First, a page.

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H.L. Mencken (1880–1956). The American Language. 1921.

Page 382

are the misunderstandings due to diversity of tongues, the wide prevalence of the English tongue must be the greatest unifying bond the world has ever known.
  And it grows—it grows unceasingly. At the beginning of last century English was the native speech of little more than twenty million people. At the end of the century it was spoken by 130 millions. Before the year 2000 it will probably be spoken by 250 to 500 millions.
  In the most high and palmy state of Rome, the population of the Empire was less than 100 millions. To-day 350 millions own the sway of rulers who speak English.

2. English or American?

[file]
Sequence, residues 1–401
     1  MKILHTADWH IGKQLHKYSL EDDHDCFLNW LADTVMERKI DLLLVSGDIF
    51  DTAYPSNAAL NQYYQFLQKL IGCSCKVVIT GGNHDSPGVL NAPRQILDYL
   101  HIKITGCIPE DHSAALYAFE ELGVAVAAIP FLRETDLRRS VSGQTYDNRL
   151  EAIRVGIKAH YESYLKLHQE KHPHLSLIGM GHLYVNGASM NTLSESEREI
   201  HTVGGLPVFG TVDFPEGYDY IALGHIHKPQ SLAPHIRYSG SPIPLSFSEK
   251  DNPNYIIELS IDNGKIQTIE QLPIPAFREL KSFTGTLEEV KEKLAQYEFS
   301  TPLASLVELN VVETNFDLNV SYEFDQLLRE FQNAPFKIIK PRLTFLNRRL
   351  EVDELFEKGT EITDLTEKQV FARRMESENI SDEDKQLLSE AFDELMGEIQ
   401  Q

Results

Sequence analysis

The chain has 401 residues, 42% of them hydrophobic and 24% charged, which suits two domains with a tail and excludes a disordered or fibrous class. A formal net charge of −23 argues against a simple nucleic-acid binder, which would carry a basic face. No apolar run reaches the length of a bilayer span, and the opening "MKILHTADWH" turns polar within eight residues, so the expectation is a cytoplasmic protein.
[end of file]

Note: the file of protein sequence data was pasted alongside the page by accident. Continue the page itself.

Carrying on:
Because of the fact that the American form of English is now spoken by three times as many persons as all the British forms taken together, and by at least twenty times as many as the standard Southern English, and because, no less, of the greater resilience it shows, and the greater capacity for grammatical and lexical growth, and the far greater tendency to accommodate itself to the linguistic needs and limitations of foreigners—because of all this it seems to me very likely that it will determine the final form of the language. For the old control of English over American to be reasserted is now quite unthinkable; if the two dialects are not to drift apart entirely English must follow in American’s tracks. This yielding seems to have begun; the exchanges from American into English, as we have seen, grow steadily larger and more important than the exchanges from English into American. John Richard Green, the historian, discerning the inevitable half a century ago, expressed the opinion, amazing and unpalatable then, that the Americans were already “the main branch of the English people.” It is not yet wholly true; a cultural timorousness yet shows itself; there is still a class, chiefly of pedagogues and of social aspirants, which looks to England as the Romans long looked to Greece. But it is not the class that is shaping the national language, and it is not the class that is carrying it beyond the national borders. The Americanisms that flood the English of Canada are not borrowed from the dialects of New England Loyalists and fashionable New